Viruses are the most common group of infectious agents to be implicated as triggers of HLH, with the Epstein-Barr virus being the single most common cause.1 In a recent review of 19 US children with HLH,2 an infectious trigger was documented in 42%. Similarly, 61% of 18 Taiwanese children with HLH had a documented infectious trigger.3 Viruses accounted for all of the documented infectious triggers in both of these series.
Upon initial evaluation of our patient, we considered that the cause of the HLH could be an exacerbation of her SLE. We began to doubt this possibility because her renal function remained stable and her C3 levels remained in the reference range. An aggressive evaluation for an alternate infectious trigger led to the diagnosis of disseminated histoplasmosis, and treatment of the infection was initiated. The rapid resolution of our patient's HLH coincident with the initiation of antifungal therapy supports the contention that the HLH was indeed triggered by the Histoplasma infection.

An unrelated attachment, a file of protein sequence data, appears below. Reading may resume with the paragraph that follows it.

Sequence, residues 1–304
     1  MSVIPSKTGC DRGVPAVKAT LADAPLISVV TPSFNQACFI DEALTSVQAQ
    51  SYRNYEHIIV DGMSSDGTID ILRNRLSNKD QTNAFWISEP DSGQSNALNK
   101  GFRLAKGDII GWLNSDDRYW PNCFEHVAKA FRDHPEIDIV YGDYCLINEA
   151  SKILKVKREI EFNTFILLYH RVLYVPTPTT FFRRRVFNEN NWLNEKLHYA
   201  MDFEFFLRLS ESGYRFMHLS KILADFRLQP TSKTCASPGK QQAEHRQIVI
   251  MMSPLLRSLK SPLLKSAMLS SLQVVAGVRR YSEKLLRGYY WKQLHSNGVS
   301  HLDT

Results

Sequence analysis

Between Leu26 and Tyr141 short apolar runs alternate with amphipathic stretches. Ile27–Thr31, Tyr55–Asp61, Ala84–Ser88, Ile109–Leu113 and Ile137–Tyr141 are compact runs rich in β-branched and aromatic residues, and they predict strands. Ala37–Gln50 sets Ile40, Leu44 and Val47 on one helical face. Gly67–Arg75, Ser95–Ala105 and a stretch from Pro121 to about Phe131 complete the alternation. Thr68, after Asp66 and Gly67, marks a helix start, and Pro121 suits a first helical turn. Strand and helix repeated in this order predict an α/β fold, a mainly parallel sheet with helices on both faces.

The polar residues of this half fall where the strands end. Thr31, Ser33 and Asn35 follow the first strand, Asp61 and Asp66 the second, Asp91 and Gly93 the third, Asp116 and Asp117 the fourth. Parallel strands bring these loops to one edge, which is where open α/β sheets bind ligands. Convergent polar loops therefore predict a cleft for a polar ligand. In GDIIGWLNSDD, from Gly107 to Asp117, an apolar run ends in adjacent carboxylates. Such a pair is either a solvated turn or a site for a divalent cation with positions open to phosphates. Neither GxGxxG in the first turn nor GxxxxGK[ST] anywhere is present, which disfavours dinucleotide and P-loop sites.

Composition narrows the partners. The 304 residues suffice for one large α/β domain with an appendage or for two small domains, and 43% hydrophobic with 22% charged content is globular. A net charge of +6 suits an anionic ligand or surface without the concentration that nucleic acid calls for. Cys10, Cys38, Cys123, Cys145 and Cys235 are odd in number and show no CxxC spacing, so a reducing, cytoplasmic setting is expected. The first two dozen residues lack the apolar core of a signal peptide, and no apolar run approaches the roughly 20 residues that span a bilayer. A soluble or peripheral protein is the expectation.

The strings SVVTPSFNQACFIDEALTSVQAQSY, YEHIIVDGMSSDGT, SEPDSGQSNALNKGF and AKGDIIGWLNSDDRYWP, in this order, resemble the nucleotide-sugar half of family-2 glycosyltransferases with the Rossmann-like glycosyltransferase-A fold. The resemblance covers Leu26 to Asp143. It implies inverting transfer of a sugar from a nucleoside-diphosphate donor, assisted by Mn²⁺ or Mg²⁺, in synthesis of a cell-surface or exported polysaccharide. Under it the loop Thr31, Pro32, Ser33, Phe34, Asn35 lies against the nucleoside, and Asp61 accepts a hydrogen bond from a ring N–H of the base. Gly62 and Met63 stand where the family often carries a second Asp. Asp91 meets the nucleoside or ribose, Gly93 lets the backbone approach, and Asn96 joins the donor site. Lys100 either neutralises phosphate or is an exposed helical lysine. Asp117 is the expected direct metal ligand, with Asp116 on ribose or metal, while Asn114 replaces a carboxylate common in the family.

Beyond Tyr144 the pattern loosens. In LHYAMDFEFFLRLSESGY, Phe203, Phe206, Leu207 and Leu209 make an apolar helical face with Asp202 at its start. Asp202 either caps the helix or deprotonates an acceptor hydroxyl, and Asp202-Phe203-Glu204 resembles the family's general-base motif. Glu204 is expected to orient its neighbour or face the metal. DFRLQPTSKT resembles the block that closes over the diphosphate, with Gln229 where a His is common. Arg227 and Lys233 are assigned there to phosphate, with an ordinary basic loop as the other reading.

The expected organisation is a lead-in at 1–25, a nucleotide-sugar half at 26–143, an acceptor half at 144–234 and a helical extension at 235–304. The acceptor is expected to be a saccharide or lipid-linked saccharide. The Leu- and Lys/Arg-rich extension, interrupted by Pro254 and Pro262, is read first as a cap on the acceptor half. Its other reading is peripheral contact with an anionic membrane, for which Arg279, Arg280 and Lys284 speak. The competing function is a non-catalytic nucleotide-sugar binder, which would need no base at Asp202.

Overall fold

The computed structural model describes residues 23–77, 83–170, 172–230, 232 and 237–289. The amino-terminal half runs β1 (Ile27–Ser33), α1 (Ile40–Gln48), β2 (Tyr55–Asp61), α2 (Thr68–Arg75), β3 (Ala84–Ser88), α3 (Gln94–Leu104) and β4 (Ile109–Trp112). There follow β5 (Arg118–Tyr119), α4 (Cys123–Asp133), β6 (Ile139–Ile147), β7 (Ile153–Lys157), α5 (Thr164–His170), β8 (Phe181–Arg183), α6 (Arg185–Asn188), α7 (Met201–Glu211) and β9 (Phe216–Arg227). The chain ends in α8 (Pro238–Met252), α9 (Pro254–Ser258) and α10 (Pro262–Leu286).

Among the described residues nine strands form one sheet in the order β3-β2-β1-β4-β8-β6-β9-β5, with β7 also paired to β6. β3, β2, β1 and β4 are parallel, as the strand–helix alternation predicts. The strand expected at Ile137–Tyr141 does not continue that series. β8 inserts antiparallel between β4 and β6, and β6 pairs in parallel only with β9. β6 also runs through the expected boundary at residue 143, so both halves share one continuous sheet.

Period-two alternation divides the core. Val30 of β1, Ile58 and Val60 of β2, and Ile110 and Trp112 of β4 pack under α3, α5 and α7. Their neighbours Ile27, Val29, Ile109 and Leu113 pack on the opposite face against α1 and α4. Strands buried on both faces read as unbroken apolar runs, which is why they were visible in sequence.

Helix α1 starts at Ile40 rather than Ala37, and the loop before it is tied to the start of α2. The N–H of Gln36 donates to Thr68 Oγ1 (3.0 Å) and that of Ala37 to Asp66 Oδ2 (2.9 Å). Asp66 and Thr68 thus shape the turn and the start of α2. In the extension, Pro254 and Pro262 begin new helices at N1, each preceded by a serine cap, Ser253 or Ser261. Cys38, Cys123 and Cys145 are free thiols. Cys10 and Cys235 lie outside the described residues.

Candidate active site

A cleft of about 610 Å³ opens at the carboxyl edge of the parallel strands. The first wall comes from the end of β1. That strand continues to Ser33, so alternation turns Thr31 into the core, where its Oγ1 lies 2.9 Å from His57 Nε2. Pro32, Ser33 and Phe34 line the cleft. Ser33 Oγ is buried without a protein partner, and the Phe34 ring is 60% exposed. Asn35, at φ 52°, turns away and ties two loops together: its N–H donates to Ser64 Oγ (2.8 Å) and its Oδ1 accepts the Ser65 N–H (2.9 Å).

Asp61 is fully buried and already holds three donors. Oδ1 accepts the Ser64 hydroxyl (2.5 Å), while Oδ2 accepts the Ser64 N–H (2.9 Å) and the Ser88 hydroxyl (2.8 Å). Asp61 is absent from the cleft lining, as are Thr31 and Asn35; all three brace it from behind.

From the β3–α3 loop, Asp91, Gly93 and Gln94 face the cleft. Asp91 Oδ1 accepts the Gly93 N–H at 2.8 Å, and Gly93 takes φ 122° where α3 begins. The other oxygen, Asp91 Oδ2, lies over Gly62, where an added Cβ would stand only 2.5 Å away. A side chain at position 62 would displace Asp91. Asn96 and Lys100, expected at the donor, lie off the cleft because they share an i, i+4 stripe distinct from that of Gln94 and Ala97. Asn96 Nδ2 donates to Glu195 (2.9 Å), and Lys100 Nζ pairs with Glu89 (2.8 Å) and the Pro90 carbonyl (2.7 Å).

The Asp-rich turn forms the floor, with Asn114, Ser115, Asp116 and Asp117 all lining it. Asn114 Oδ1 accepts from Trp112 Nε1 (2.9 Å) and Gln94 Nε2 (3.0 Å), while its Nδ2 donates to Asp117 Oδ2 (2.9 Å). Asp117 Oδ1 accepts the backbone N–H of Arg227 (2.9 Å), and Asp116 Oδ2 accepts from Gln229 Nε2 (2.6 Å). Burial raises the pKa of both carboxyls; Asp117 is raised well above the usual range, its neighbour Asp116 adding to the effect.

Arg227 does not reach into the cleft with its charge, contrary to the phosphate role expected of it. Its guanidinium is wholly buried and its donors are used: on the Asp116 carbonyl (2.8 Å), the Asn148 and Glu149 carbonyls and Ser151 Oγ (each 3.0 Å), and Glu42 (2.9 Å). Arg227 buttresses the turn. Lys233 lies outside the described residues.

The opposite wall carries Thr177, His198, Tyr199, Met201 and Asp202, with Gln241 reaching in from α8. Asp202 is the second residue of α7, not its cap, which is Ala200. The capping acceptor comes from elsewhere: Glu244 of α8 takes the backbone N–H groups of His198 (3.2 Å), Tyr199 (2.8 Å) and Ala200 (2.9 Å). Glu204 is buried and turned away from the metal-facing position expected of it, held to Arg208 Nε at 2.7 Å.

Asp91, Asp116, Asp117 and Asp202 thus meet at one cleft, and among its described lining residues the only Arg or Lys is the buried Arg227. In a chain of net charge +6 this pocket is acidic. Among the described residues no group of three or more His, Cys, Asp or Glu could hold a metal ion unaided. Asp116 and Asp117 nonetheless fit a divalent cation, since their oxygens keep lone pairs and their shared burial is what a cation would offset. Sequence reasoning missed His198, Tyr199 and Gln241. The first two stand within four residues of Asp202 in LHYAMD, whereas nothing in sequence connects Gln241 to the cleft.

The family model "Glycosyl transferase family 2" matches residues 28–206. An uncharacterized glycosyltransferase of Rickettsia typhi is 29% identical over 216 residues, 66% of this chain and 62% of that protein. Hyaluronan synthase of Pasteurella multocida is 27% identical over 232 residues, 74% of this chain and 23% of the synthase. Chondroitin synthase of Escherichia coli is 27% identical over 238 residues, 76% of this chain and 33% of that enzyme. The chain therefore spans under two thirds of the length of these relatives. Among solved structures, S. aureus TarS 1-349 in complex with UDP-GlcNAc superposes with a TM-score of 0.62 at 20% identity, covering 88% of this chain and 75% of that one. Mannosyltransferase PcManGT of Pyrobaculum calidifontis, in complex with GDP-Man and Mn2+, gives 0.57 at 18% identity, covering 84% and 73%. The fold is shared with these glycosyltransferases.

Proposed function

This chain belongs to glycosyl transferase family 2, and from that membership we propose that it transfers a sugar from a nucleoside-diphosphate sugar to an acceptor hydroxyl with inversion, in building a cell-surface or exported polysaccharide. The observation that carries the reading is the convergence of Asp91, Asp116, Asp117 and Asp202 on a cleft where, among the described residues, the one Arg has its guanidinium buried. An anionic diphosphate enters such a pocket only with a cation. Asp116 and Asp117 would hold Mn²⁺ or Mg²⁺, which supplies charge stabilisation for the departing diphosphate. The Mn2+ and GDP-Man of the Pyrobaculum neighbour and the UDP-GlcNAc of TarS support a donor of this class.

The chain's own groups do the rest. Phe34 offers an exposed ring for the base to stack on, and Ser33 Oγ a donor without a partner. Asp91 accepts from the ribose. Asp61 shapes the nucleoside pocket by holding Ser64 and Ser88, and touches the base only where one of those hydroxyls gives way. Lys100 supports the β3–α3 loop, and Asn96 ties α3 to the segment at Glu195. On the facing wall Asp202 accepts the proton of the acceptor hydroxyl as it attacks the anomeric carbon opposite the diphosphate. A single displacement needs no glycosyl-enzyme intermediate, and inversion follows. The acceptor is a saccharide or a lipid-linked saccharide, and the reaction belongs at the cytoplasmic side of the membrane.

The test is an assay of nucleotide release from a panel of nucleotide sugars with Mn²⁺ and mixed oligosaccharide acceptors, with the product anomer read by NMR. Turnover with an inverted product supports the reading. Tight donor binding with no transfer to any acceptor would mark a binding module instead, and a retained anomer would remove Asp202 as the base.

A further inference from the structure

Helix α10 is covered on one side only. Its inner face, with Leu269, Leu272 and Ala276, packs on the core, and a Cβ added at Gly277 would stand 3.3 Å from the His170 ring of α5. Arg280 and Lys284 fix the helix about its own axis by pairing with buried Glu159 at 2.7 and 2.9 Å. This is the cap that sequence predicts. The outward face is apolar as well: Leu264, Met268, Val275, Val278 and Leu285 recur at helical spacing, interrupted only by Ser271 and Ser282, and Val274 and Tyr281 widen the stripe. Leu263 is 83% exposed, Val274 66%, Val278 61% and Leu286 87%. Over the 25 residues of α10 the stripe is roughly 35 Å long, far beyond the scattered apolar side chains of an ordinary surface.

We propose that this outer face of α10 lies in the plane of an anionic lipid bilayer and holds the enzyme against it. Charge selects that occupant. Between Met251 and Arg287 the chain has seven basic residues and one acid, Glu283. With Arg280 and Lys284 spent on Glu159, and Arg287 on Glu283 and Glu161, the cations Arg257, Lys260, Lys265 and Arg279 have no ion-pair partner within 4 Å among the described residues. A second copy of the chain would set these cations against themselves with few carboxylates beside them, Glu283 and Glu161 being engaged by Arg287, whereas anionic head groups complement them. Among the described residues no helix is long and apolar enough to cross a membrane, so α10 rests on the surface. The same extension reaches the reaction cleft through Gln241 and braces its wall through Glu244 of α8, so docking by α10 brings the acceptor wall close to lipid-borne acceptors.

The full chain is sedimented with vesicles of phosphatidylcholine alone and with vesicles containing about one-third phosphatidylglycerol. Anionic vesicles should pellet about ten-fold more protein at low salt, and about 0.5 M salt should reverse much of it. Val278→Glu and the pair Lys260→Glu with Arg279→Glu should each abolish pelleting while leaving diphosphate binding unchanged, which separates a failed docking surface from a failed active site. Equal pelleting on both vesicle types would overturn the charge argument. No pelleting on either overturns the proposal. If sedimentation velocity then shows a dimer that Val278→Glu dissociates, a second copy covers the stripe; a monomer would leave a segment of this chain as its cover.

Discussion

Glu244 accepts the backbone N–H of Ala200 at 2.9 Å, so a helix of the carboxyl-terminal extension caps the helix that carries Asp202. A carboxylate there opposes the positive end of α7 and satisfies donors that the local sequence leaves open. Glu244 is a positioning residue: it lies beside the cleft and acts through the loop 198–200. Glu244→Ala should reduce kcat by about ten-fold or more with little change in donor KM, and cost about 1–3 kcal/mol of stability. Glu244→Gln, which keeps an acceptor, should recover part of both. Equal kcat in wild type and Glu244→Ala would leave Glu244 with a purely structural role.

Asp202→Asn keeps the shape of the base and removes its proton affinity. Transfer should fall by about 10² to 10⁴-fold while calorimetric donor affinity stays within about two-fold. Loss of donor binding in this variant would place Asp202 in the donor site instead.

Many of the clinical signs and symptoms that are associated with HLH are also commonly seen in patients who are ultimately diagnosed with disseminated histoplasmosis. Patients with disseminated histoplasmosis, such as the case we present here, may demonstrate classic bone marrow findings of HLH, whereas others may have normal or very subtle bone marrow abnormalities. One possibility is that disseminated histoplasmosis infection causes HLH more frequently than clinically appreciated.